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Thursday, November 24, 2011

Al Jazeera Uncovers Large-scale Corruption in Timber Export in Sierra Leone




Journalists working for Al Jazeera English have uncovered corruption in the office of Sierra Leone’s Vice-President Samuel Sumana. The detailed undercover investigation features in the documentary Timber!, broadcast at 22h30 GMT on Wednesday 23 November 2011 as part of Al Jazeera’s Africa Investigates series.


Illegal timber export is big business in Sierra Leone

A 2006 European Union report identified logging as the leading cause of environmental degradation in Sierra Leone. According to the Sierra Leone Forestry Ministry, unless immediate action is taken against logging, all of the country’s forests – as well as the many endangered animal and plant species they support – could disappear by 2018. The President, His Excellency Ernest Bai Koroma, has made no secret of his concern about logging and his desire that it should cease. The government of Sierra Leone has officially outlawed the practice several times.



Emmy award-winning Sierra Leonean journalist Sorious Samura discovered illegal felling of rare hard wood in several parts of the country. In a number of meetings with illegal loggers, Samura posed as a businessman interested in illegal timber exporting. Despite laws prohibiting felling of trees without license, he found illicit logging taking place in all the forest areas he visited. He also met local officials all too willing to supply him with illegal wood. In one instance a local Paramount Chief not only offered to sell him several tons of illegally cut wood, but also to introduce Samura to high level contacts within the Sierra Leonean government to help him breach the ban on timber exports.


In the second half of the investigation, Samura¹s colleague, the multiple-award-winning Ghanaian journalist Anas Aremeyaw Anas, visited the Vice-President¹s office undercover. Anas and a colleague, again posing as businessmen, met with His Excellency The Vice-President Samuel Sumana and two of his friends, who claimed to be official advisors.


Later the two men, Alex Mansaray and Momoh Konte, sought and accepted cash payments from the Œbusinessmen¹, which they claimed would help secure the Vice-President¹s support for a timber export business that the undercover reporters wished to establish.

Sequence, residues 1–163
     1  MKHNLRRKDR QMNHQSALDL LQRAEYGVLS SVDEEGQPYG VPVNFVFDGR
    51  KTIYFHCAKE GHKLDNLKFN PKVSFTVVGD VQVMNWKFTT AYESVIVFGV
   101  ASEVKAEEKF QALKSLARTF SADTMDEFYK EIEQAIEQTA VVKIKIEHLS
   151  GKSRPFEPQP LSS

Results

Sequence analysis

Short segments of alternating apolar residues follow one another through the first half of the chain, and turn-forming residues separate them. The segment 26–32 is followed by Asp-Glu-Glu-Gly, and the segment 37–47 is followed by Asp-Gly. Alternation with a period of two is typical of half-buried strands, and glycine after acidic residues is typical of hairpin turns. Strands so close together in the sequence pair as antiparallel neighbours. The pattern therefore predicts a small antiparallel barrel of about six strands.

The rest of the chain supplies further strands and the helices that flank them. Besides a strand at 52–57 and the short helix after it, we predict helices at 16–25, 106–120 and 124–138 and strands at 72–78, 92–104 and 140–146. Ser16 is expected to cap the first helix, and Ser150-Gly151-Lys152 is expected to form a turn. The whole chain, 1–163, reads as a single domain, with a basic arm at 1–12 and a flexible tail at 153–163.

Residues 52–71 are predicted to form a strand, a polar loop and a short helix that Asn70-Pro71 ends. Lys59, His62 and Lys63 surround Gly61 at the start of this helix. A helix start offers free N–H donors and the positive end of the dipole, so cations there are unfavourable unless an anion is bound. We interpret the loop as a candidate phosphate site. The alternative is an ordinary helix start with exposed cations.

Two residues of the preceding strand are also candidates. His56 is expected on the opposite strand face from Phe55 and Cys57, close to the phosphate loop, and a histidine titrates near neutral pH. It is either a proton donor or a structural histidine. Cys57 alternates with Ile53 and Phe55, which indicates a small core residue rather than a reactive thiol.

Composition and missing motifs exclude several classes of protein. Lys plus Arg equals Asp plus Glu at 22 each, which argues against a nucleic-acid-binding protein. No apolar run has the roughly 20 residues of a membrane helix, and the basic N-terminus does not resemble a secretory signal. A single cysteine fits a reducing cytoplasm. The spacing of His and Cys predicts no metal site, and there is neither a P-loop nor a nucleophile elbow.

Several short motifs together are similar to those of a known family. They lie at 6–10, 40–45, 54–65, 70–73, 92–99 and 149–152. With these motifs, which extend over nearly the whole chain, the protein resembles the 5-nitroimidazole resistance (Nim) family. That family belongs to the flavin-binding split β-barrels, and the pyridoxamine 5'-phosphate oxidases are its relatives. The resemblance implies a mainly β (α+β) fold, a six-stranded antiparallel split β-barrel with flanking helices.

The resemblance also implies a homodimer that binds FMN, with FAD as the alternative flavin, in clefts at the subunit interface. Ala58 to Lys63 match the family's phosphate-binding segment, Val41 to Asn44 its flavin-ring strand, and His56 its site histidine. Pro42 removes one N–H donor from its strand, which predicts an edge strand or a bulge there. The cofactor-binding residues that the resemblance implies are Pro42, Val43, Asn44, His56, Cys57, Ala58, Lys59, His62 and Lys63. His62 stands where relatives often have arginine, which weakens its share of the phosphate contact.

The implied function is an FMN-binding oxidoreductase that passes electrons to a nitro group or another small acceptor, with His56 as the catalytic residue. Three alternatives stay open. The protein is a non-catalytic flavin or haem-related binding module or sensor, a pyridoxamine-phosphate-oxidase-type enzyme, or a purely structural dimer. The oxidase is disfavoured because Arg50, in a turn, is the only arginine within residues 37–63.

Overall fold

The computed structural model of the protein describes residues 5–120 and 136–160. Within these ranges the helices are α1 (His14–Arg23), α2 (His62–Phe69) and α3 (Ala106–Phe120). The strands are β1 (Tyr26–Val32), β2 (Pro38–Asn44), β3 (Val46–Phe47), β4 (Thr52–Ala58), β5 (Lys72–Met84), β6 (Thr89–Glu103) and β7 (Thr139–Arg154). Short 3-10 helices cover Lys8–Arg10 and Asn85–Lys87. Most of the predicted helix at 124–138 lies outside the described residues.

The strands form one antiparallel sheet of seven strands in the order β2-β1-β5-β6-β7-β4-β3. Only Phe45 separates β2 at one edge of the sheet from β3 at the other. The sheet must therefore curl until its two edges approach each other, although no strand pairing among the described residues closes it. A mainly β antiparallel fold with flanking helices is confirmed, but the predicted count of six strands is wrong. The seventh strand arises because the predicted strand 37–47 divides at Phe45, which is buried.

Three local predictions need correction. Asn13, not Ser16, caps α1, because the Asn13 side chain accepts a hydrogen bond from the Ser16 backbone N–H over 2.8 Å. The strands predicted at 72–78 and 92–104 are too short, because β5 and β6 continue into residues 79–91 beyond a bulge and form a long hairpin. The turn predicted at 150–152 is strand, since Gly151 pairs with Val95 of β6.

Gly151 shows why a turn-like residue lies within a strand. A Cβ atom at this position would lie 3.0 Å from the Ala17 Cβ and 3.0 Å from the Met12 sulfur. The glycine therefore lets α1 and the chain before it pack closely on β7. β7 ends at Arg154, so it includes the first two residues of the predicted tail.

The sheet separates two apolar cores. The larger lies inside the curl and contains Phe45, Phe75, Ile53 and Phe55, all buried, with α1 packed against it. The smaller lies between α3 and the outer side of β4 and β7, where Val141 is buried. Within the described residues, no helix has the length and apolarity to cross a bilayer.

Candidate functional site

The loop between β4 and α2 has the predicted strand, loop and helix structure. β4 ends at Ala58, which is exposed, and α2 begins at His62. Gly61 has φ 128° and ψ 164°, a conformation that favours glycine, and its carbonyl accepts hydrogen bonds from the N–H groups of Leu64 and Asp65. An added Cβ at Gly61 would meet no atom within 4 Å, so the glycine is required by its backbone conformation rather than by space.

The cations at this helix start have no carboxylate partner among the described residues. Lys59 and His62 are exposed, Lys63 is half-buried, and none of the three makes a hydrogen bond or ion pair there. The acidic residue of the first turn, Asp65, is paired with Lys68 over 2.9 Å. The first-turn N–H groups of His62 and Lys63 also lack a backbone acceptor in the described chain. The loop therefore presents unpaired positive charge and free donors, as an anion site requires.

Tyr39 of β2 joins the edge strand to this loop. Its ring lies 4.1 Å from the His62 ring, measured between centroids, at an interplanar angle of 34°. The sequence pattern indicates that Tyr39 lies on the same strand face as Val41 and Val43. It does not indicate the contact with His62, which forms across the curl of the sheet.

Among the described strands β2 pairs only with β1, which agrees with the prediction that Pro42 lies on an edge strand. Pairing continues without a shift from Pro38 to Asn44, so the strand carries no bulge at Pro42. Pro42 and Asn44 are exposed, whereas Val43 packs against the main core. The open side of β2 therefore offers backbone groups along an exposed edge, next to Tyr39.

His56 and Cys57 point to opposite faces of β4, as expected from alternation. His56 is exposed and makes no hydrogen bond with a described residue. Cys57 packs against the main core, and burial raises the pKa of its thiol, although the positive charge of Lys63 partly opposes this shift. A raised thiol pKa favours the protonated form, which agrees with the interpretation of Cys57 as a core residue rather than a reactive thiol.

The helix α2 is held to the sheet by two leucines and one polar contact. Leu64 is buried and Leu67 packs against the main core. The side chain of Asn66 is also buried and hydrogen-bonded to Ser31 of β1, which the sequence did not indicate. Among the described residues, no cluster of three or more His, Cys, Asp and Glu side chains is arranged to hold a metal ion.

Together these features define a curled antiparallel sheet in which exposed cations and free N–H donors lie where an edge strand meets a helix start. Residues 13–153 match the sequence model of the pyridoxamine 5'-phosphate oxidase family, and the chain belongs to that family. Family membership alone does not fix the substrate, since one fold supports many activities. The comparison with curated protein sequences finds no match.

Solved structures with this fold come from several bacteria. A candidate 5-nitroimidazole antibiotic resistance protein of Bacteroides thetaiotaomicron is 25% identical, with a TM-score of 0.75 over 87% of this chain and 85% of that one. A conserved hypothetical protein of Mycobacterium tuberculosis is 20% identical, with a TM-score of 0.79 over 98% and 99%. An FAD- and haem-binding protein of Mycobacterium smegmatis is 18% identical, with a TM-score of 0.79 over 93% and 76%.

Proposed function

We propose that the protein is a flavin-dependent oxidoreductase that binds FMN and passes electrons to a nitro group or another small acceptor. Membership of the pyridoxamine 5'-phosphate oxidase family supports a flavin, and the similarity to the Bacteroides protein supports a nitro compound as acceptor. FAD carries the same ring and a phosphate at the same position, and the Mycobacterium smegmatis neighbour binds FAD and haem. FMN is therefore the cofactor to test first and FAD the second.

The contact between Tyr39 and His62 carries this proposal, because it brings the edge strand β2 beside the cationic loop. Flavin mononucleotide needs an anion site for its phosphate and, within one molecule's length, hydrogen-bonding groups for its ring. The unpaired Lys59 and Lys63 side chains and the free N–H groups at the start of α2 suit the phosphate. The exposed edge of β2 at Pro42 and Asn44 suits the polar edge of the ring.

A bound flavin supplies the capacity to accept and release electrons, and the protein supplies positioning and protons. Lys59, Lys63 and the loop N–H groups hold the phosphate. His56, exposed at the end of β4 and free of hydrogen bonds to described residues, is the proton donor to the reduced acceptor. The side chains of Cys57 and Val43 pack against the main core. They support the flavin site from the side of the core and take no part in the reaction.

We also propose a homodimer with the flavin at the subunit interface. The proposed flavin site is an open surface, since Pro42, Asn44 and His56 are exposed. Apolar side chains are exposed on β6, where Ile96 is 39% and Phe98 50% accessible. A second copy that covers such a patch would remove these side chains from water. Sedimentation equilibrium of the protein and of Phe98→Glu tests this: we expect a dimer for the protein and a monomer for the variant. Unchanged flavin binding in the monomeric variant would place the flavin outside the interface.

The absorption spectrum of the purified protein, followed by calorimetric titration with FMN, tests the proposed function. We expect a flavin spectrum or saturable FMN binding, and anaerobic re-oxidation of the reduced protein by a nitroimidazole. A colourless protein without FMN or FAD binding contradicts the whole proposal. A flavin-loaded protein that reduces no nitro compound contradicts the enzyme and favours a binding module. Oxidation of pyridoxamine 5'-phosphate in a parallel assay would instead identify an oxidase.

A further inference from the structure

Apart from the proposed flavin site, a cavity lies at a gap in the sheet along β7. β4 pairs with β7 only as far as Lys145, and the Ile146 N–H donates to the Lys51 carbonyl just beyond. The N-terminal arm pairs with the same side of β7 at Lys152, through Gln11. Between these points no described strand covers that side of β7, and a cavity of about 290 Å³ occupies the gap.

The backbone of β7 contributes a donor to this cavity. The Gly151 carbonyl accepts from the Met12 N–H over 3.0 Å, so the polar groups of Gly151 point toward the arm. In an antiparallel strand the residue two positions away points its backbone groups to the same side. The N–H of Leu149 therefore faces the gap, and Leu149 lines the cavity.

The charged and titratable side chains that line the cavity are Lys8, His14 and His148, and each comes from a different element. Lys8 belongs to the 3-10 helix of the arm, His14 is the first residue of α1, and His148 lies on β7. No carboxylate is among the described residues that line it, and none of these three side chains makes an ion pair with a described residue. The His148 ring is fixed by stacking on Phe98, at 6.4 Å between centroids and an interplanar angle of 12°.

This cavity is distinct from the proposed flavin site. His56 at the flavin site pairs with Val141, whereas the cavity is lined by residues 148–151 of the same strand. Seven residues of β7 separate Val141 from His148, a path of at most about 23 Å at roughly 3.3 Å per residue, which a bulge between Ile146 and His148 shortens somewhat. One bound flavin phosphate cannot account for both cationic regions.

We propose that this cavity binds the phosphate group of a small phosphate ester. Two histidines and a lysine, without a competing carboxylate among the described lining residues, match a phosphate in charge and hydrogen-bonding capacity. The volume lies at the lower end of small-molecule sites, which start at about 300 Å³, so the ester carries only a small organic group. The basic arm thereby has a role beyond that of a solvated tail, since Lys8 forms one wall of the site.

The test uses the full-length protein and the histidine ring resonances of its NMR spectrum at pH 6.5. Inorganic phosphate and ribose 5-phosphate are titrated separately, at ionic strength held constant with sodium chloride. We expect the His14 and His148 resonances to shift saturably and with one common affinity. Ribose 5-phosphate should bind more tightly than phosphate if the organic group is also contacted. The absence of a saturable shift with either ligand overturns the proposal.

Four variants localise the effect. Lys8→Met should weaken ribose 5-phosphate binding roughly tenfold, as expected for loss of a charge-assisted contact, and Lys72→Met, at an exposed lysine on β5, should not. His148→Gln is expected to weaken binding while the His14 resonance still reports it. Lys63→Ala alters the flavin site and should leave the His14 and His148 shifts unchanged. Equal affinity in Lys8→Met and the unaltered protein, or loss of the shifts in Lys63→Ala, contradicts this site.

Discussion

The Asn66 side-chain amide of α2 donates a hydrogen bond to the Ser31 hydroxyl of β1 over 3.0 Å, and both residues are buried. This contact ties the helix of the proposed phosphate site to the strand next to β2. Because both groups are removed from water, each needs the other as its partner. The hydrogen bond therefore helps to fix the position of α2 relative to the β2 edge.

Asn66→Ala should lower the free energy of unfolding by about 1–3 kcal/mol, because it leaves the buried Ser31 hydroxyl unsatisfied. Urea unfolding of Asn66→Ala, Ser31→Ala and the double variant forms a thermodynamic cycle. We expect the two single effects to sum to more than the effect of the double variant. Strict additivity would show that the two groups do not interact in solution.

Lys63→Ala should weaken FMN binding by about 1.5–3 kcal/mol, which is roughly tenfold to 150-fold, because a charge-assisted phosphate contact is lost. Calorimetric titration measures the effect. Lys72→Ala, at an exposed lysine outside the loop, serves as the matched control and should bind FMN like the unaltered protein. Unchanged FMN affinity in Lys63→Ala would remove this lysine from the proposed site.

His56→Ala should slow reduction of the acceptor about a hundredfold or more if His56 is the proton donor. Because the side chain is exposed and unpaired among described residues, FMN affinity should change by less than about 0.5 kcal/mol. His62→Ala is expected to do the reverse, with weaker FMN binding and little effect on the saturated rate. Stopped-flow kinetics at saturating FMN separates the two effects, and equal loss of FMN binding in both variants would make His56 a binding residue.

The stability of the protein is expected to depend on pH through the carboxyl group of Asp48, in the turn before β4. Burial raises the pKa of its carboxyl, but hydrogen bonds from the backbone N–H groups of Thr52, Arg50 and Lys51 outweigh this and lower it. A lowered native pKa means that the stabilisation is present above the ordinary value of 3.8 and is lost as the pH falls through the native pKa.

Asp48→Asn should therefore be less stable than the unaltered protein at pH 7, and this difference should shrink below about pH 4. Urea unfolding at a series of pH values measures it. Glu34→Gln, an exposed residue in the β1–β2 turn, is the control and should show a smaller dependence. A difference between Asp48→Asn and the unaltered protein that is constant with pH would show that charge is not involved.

Vice-President Sumana later admitted to Al Jazeera that he knew the men but said their claims to be his advisors were false and that he hadn¹t received any money solicited by them on his behalf.


Of one attempt by Alex Monsaray to extract $50,000 from the undercover team, Vice-President Sumana said, ³Alex was acting solely on his own accord without any prior discussion with me.²


His statement did not explain how Mansaray and Konte came to be using his office to secure bribes in the first place.


Commenting on the outcome of the investigation, Samura said, ³As in many parts of Africa, timber has become the new diamonds. The country¹s forests are at risk of being completely wiped out. For unscrupulous foreign investors their ultimate goal is getting their wood and making maximum profit. For the corrupt Sierra Leoneans, it¹s about lining their pockets without any care for the future consequences for the innocent people who will have to pay the price.²


Timber! is the third of six investigations in the Africa Investigates series that puts flesh on Al Jazeera¹s ambition to give voice to the voiceless.


In a world-first, Africa Investigates gives some of Africa¹s best journalists the opportunity to pursue high-level investigative targets across the continent ­using their unique perspective and local knowledge to put corruption, exploitation and abuse under the spotlight.


Africa Investigates can be seen each week at the following times GMT: Wednesday: 22:30; Thursday: 09:30; Friday: 03:30; Saturday: 16:30; Sunday:
22:30; Monday: 09:30; Tuesday: 03:30; Wednesday: 16:30. For more details,
please go to www.aljazeera.com/programmes/AfricaInvestigates
.



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